There’s been an extraordinarily high number of TBE (Tick borne encephalitis) cases in Sweden this year.
High number of TBE
So far in Sweden there's been an extraordinarily high number of TBE (Tick-borne encephalitis) cases. More cases, in fact, than last year, which was deemed a record year for TBE.
“There’s been an unusually high number of cases,” confirms Marika Hjertqvist, epidemiologist at SMI (Smittskyddsinstitutet or the Swedish Institute for Communicable Disease Control). “68 cases compared to last year’s 58.” It is during the peak of summer that most people are fallen ill from the tick-borne infection. But the statistical peak often comes later, when the infected person shows symptoms, seeks medical care and gets the infection confirmed. The area around Vänern has lately been especially infested. The disease runs through the entire country though, according to Hjertqvist, mostly south of Dalälven. Why are some years worse than others when it comes to TBE?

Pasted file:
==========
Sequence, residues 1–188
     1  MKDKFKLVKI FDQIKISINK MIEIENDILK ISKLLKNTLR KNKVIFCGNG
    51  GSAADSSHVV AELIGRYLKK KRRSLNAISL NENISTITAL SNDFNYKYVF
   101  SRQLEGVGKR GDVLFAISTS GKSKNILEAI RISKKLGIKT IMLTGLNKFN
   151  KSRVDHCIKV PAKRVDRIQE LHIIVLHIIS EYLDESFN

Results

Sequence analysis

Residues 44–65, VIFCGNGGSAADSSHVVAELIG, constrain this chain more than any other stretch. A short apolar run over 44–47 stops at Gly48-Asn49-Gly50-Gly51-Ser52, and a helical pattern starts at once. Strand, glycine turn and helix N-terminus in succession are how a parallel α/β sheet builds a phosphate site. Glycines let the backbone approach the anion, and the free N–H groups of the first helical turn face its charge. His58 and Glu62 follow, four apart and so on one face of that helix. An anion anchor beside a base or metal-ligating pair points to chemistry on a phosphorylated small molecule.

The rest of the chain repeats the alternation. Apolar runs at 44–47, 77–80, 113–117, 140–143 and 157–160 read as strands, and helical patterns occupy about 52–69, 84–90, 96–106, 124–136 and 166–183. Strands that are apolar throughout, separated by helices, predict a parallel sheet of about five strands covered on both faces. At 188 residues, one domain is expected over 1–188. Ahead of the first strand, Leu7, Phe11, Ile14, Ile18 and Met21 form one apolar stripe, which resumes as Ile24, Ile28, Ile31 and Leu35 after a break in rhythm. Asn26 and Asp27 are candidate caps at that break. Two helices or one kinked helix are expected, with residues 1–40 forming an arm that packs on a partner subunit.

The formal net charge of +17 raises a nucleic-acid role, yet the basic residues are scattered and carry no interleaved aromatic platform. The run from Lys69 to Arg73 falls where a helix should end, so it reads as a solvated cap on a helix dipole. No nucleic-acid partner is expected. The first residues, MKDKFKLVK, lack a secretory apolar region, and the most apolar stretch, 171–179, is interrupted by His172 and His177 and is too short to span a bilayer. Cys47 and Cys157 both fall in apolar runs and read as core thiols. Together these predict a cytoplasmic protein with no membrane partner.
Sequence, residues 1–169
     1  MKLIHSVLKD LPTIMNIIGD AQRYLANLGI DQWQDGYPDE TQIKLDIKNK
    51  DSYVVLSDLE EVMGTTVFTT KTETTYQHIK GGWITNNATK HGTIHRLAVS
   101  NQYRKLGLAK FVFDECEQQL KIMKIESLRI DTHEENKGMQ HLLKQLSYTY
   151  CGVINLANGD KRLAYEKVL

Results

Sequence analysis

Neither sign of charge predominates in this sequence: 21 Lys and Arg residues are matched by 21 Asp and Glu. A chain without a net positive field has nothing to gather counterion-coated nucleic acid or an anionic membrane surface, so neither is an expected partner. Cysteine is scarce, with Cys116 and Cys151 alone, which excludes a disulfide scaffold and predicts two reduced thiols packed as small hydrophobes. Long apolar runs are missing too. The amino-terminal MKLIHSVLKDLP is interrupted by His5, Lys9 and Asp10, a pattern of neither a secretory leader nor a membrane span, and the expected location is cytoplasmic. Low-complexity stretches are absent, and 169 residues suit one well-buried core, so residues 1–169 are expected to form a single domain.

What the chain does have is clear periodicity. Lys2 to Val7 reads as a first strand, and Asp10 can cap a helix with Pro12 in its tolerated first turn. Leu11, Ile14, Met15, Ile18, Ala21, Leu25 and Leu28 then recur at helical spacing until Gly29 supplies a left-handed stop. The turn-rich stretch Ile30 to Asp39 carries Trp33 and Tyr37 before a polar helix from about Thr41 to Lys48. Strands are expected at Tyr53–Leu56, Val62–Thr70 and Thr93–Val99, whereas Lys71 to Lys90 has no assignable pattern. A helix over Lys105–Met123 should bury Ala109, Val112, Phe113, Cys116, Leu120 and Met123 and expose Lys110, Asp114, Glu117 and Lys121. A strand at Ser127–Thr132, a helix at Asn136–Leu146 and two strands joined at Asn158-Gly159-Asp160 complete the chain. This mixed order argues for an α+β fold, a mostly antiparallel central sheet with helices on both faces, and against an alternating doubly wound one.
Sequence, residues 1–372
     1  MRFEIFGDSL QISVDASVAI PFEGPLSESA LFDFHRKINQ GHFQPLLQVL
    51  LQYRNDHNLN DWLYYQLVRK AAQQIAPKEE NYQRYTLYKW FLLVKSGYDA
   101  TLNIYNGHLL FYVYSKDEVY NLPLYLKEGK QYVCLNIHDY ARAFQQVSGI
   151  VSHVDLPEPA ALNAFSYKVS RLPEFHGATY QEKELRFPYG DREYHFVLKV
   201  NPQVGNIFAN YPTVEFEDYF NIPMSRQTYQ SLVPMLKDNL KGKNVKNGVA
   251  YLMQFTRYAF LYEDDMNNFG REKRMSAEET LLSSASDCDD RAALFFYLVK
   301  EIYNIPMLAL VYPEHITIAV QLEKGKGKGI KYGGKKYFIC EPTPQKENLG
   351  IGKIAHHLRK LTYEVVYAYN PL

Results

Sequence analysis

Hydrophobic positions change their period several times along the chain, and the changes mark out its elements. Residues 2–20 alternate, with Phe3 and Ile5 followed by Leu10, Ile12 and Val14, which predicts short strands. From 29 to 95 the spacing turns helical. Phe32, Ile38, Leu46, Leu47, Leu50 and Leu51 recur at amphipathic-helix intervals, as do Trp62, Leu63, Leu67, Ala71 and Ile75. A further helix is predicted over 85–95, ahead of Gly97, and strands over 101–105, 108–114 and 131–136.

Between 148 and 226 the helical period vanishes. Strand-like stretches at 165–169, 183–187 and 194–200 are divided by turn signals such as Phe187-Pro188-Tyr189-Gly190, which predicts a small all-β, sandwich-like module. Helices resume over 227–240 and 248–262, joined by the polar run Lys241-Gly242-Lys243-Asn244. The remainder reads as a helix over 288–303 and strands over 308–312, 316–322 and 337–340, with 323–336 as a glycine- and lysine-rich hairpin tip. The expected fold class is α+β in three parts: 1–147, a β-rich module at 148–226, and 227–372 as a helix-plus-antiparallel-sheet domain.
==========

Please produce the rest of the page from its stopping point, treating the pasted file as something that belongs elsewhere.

“Well, first of all there must be plenty of ticks,” says Hjertqvist. “And that in turn requires a lot of deer for the ticks to suck blood from.” Lack of deer, however, especially after winters with lots of snow, may still increase TBE: Ticks then get extra hungry and look for humans for blood. This is what happened last year. Symptoms of TBE include high fever, severe headache, and in some cases convulsions and paralysis. Most people recover completely.
Cases of TBE:
Västra Götaland (including Vänern): 7,
In Jämtland and Gävleborg, both of which are located north of the natural border of TBE, the people got infected elsewhere. Source: Smittskyddsinstitutet (the Swedish Institute for Communicable Disease Control).
This summer in Sweden, there has been an unusual high number of cases of TBE - Tick-borne encephalitis.